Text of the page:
Lesson 4
Equations and Their Solutions
4.1: What is a Solution? (5 minutes)
Warmup
This warmup prompts students to recall what they know about the solution to an equation in one variable. Students interpret a given equation in the context of a situation, explain why certain values are not solutions to the equation, and then find the value that is the solution.
Student Facing
A granola bite contains 27 calories. Most of the calories come from \(c\) grams of carbohydrates. The rest come from other ingredients. One gram of carbohydrate contains 4 calories.
The equation \(4c + 5= 27\) represents the relationship between these quantities.
 What could the 5 represent in this situation?
 Priya said that neither 8 nor 3 could be the solution to the equation. Explain why she is correct.
 Find the solution to the equation.
Student Response
Teachers with a valid work email address can click here to register or sign in for free access to Student Response.
Activity Synthesis
Focus the discussion on how students knew that 8 and 3 are not solutions to the equation and how they found the solution. Highlight strategies that are based on reasoning about what values make the equation true.
Ask students: "In general, what does a solution to an equation mean?" Make sure students recall that the solution to an equation in one variable is a value for the variable that makes the equation a true statement.
4.2: Weekend Earnings (15 minutes)
Activity
In this activity, students write equations in one variable to represent the constraints in a situation. They then reason about the solutions and interpret the solutions in context.
To solve the equation, some students may try different values of \(h\) until they find one that gives a true equation. Others may perform the same operations to each side of the equation to isolate \(h\). Identify students who use different strategies and ask them to share later.
Launch
Arrange students in groups of 2 and provide access to calculators. Give students a few minutes of quiet work time, and then time to discuss their responses. Ask them to share with their partner their explanations for why 4 and 7 are or are not solutions.
If students are unsure how to interpret “takehome earnings,” clarify that it means the amount Jada takes home after paying jobrelated expenses (in this case, the bus fare).
Design Principle(s): Maximize metaawareness; Support sensemaking
Supports accessibility for: Organization; Attention
Student Facing
Jada has time on the weekends to earn some money. A local bookstore is looking for someone to help sort books and will pay $12.20 an hour. To get to and from the bookstore on a work day, however, Jada would have to spend $7.15 on bus fare.
 Write an equation that represents Jada’s takehome earnings in dollars, \(E\), if she works at the bookstore for \(h\) hours in one day.
 One day, Jada takes home $90.45 after working \(h\) hours and after paying the bus fare. Write an equation to represent this situation.
 Is 4 a solution to the last equation you wrote? What about 7?
 If so, be prepared to explain how you know one or both of them are solutions.
 If not, be prepared to explain why they are not solutions. Then, find the solution.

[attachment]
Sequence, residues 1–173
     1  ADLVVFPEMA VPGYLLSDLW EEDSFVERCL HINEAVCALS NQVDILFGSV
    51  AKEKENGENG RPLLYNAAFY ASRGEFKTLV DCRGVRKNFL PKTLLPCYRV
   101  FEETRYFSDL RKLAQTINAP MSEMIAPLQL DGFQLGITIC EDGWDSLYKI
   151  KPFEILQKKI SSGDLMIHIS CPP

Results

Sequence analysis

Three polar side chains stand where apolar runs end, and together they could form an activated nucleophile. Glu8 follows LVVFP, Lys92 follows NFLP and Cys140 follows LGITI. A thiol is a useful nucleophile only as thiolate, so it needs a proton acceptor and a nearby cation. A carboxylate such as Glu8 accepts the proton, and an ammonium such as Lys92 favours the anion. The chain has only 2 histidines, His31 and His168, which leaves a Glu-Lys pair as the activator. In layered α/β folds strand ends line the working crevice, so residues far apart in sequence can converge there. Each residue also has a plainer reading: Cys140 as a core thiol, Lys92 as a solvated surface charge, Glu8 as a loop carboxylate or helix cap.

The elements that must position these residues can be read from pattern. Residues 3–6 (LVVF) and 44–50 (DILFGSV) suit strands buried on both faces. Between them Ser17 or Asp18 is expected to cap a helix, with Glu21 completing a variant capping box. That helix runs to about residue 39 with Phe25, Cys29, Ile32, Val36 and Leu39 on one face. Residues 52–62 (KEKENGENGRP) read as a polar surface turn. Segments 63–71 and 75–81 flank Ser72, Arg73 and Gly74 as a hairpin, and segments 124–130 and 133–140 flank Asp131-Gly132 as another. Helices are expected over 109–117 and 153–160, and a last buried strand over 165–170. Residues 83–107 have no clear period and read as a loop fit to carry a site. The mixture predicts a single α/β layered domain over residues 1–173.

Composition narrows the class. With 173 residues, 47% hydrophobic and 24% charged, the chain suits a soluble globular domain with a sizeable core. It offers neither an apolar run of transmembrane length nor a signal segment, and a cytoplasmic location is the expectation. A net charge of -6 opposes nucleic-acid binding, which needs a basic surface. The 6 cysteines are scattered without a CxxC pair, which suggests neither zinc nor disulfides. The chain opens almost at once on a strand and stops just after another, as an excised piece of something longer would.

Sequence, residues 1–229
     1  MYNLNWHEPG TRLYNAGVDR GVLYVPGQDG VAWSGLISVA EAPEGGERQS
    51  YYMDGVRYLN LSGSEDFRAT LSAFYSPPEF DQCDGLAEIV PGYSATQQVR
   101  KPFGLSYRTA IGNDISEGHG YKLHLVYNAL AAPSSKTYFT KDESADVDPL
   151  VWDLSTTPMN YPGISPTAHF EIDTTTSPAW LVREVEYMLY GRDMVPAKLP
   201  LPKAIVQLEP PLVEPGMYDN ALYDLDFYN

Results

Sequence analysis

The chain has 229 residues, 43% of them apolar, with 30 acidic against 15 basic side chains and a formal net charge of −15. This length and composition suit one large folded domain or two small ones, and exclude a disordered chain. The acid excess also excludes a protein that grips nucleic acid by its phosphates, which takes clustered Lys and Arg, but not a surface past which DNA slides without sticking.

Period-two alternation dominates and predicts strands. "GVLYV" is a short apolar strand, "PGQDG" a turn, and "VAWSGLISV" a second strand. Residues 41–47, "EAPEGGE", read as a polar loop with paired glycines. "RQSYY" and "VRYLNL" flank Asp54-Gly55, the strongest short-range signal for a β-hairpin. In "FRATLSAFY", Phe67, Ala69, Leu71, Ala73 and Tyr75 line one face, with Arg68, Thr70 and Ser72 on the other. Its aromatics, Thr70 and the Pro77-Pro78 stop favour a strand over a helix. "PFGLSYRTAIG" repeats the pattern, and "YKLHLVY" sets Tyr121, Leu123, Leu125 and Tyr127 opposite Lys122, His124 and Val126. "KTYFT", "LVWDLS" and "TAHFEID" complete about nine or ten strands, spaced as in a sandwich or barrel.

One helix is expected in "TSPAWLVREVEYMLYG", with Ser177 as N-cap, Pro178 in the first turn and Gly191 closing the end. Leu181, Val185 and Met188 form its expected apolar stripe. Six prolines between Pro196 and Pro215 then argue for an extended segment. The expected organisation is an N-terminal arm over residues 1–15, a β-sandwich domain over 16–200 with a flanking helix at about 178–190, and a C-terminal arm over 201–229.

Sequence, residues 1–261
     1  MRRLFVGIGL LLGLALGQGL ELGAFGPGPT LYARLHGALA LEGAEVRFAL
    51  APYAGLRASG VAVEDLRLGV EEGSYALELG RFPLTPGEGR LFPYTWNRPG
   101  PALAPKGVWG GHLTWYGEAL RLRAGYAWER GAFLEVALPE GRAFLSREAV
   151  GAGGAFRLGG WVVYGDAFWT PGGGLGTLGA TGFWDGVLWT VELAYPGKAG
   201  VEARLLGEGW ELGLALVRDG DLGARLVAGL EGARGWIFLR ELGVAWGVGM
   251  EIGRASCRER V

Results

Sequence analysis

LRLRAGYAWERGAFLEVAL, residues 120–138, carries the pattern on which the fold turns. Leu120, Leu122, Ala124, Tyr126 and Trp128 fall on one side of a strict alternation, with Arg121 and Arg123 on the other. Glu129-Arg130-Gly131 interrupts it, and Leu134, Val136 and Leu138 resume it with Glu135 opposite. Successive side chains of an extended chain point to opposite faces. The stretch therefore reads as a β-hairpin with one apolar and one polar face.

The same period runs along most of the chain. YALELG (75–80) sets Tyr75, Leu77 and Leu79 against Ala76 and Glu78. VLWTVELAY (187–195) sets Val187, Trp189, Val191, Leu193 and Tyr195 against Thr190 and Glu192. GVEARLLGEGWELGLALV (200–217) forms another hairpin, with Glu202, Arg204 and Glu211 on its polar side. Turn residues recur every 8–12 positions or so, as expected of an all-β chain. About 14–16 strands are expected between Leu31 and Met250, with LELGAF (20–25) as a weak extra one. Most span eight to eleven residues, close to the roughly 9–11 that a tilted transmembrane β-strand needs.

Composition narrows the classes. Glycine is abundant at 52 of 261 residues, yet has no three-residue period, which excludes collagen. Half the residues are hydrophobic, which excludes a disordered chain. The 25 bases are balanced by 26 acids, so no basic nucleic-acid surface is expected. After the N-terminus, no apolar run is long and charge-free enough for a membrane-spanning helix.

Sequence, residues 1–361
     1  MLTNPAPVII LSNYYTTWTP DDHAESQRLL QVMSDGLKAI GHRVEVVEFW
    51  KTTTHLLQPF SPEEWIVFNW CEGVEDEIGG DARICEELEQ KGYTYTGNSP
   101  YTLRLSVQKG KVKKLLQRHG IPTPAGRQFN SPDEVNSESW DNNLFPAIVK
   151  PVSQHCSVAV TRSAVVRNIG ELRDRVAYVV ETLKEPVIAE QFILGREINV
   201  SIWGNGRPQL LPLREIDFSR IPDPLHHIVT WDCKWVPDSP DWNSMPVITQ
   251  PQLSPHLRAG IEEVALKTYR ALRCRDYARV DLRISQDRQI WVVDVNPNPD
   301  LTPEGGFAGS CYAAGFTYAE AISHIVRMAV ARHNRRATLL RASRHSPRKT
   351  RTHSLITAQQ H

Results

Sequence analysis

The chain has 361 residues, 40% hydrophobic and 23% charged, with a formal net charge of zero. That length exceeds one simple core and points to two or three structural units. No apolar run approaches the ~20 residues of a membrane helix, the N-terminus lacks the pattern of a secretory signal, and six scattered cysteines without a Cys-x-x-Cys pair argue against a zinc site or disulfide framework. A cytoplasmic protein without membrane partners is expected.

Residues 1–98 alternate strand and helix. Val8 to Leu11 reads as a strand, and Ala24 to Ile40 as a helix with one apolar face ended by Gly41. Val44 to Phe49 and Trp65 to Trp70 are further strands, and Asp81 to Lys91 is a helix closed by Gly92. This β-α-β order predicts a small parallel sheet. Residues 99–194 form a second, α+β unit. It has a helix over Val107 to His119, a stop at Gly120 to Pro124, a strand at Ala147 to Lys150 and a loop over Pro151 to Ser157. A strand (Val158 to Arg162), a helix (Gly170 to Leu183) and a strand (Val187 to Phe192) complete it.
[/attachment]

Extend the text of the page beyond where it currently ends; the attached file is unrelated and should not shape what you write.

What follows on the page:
In this situation, what does the solution to the equation tell us?
Student Response
Teachers with a valid work email address can click here to register or sign in for free access to Student Response.
Student Facing
Are you ready for more?
Jada has a second option to earn money—she could help some neighbors with errands and computer work for $11 an hour. After reconsidering her schedule, Jada realizes that she has about 9 hours available to work one day of the weekend.
Which option should she choose—sorting books at the bookstore or helping her neighbors? Explain your reasoning.
Student Response
Teachers with a valid work email address can click here to register or sign in for free access to Extension Student Response.
Anticipated Misconceptions
If students struggle to write equations in the first question, ask them how they might find out Jada's earnings if she works 1 hour, 2 hours, 5 hours, and so on. Then, ask them to generalize the computation process for \(h\) hours.
Activity Synthesis
Ask a student to share the equation that represents Jada earning $90.45. Make sure students understand why \(90.45 = 12.20h  7.15\) describes that constraint.
Next, invite students to share how they knew if 4 and 7 are or are not solutions to the equation. Highlight that substituting those values into the equation and evaluating them lead to false equations.
Then, select students using different strategies to share how they found the solution. Some students might notice that the solution must be greater than 7 (because when \(h=7\), the expression \(12.20h7.15\) has a value less than 90.45) and start by checking if \(h=8\) is a solution. If no students mention this, ask them about it.
Make sure students understand what the solution means in context. Emphasize that 8 is the number of hours that meet all the constraints in the situation. Jada gets paid $12.20 an hour, pays $7.15 in bus fare, and takes home $90.45. For all of these to be true, she must have worked 8 hours.
4.3: Calories from Protein and Fat (15 minutes)
Activity
In the previous activity, students recalled what it means for a number to be a solution to an equation in one variable. In this activity, they review the meaning of a solution to an equation in two variables.